Secular Right | Reality & Reason

Oct/10

19

The Skeptical Conservatives

skeptconCONSVLTVS of RESPVBLICA has created a nifty little badge for “Skeptical Conservatives”. The aim is to indicate a very small affinity group, bloggers and thinkers who are not religious, conservative, and, not necessarily libertarian in their presuppositions. The intersection of these traits is quite small indeed. At least in public. For myself it is rather obvious that direct electoral politics is not an animating passion of my life (you can see the more central passion on display at Discover Blogs). But by disposition and outlook I have a preference for what can loosely be termed the bourgeois world which arose in the West in the wake of the Enlightenment, and would prefer to conserve it, and at most evolve it from within. I have come to reject excessive axiomatic constructs in political theory and politics, and also believe from an empirical evolutionary perspective that the methodological individualism at the heart of modern liberalism may at root be a quirk of the preferences of the intellectual classes in general.

In any case, we are few. But we exist. And I like to think that what sometimes matters is not the most, but the best. Because of our peculiarities skeptical conservatives in some ways are the heretics of our age, and we take a little bit of pleasure in our role as the smasher of idols.

20 comments

  • panglos · October 19, 2010 at 11:56 pm

    I reiterate my position that a proper world view would be conservative ,somewhat libertarian, and absent any religion in the public sector.

    However privately, one should be secure in the right to ponder any sort of incorporeal existence.

  • kurt9 · October 20, 2010 at 3:26 am

    The basic tenet of conservatism is that large scale institutions have value. Since all large scale institutions are bureaucratic in nature, the conservative world-view, much like the liberal-left, requires a belief in the efficacy of bureaucracy. Since bureaucracy is inherently dysfunctional (this is an element of human nature), any world-view based on this belief is also non-functional.

  • Author comment by David Hume · October 20, 2010 at 4:29 am

    i bow before your syllogism kurt! 🙂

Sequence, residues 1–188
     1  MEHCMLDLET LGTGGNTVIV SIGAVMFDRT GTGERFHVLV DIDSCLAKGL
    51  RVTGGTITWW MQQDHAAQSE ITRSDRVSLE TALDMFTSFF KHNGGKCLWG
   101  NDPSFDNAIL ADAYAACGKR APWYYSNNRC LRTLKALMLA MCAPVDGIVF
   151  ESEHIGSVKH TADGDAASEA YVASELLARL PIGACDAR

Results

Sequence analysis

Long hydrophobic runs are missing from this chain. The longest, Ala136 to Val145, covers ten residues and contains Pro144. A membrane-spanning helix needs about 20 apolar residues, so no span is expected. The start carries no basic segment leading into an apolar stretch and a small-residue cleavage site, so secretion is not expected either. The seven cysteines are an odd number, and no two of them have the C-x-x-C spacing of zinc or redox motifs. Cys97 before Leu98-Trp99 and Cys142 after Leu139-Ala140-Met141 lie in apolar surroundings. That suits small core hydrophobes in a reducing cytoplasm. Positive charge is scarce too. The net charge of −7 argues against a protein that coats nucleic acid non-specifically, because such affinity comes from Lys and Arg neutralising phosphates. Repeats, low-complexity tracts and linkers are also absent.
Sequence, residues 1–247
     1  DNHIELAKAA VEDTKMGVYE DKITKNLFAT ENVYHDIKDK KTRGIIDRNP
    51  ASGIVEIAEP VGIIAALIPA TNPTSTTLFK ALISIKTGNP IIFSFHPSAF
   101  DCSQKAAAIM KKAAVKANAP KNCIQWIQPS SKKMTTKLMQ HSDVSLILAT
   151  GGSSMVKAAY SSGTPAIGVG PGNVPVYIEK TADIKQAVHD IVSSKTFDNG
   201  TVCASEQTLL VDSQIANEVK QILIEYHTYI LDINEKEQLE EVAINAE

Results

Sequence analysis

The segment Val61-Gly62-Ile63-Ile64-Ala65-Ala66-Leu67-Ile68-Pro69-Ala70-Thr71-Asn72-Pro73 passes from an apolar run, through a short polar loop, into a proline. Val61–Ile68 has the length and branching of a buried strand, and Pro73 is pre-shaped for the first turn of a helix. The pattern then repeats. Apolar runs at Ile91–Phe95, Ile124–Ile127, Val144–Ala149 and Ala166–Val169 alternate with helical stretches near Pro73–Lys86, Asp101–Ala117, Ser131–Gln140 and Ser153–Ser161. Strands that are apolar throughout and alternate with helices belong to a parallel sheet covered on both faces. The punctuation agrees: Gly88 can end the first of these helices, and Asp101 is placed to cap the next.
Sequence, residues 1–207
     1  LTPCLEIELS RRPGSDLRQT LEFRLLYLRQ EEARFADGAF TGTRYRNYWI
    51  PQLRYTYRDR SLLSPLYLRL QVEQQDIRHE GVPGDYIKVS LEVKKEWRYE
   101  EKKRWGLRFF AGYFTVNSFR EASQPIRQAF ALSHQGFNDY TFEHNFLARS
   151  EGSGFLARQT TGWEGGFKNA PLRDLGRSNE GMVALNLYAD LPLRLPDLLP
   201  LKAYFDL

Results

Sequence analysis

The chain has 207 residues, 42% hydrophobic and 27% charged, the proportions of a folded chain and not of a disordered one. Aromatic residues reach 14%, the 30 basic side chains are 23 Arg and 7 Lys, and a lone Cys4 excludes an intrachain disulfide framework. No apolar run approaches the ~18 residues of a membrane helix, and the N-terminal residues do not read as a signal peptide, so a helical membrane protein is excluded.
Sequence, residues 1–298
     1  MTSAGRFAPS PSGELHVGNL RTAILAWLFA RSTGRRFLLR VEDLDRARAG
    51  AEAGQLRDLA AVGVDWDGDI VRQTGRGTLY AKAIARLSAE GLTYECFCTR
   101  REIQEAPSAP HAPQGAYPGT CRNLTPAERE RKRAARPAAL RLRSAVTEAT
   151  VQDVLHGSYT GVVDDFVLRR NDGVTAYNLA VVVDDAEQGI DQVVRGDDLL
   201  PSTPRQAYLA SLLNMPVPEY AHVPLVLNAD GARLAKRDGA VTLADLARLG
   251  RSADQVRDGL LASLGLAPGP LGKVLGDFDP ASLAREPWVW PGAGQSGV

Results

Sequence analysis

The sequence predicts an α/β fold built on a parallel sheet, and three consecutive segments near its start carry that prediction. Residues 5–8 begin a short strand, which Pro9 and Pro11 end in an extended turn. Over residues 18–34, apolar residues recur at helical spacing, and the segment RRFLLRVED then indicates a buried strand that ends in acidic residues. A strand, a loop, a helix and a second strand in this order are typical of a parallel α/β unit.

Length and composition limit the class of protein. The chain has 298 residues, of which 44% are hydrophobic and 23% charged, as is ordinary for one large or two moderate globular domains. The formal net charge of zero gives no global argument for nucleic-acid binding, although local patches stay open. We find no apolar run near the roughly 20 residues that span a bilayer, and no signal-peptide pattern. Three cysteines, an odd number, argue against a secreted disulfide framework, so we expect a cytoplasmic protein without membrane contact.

• Clay Sills · October 20, 2010 at 4:01 pm

    As Jonah Goldberg (peace be upon him) points out in his brilliant analysis of Animal House being an awesome conservative movie (see “The Bluto-Burke Connection — Revealed!”,) conservatives value institutions to the extent that they give things that exist the benefit of the doubt. That’s certainly the extent to which I value them. Luckily, they tend to dispel doubt quickly. Viva the Skeptical Conservatives… All ten of us!

  • kurt9 · October 20, 2010 at 4:53 pm

    Conservatism is usually a discussion on the nature of community. When I think of community, I think of a group of competent, intelligent people who share a common objective and are willing to work together to accomplish that objective. This is the only concept of community that is meaningful to me. To force the competent into association with the less competent only creates a loathing hostility on the part of the former for the latter, and for the “community” at large. This, of course, make community in any meaningful sense impossible.

  • kurt9 · October 20, 2010 at 5:01 pm

    I believe that true community can only arise among individuals who have respect and admiration for each other. This can only occur among individuals of competence and efficacy and who believe in such. Cultures based on the worship of mediocrity and ineptitude create only a loathing hostility on the part of the more competent members. This, of course, make true community impossible.

    I think that Robert Heinlein understood FAR BETTER what constitutes effective communities than all of the conservative philosophers put together.

  • panglos · October 20, 2010 at 11:16 pm

    “The basic tenet of conservatism is that large scale institutions have value”

    I am not sure that is one of the most common themes.
    Conservatives do beleive in social conventions and institutions as a necessary element of society. We need them for common defense, roads, laws, courts, utilities and an esprit de corp. These institutions protect us from an otherwise life that is short and brutish.

    Beyond these necessities, I would imagine that most conservatives would like to limit the size of institutions by use of decetralized govt and free markets to control the economy.

  • Randall Parker · October 21, 2010 at 4:20 am

    Kurt says,

    When I think of community, I think of a group of competent, intelligent people who share a common objective and are willing to work together to accomplish that objective.

    So then you ignore other types of community and redefine it to refer only to the types of communities you like. Okay, but you creating your own vocabulary which just makes it harder to be understood by others.

    This is the only concept of community that is meaningful to me.

    Meaningful or attractive?

    To force the competent into association with the less competent only creates a loathing hostility on the part of the former for the latter, and for the “community” at large.

    Not always. Some people have been so brainwashed by PC thinking that they don’t feel they have a right to loath or feel hostile toward what’s imposed on them.

    As for large scale institutions: They might not work well. But they work better than anarchy. Your beliefs about a better society might enable you to feel morally superior to others. But that does not necessarily mean your preferences represent a practical alternative to the status quo.

  • kurt9 · October 21, 2010 at 9:39 pm

    Randall,

    I use the words “meaningful” and “attractive” interchangeably. For me, they are synonyms.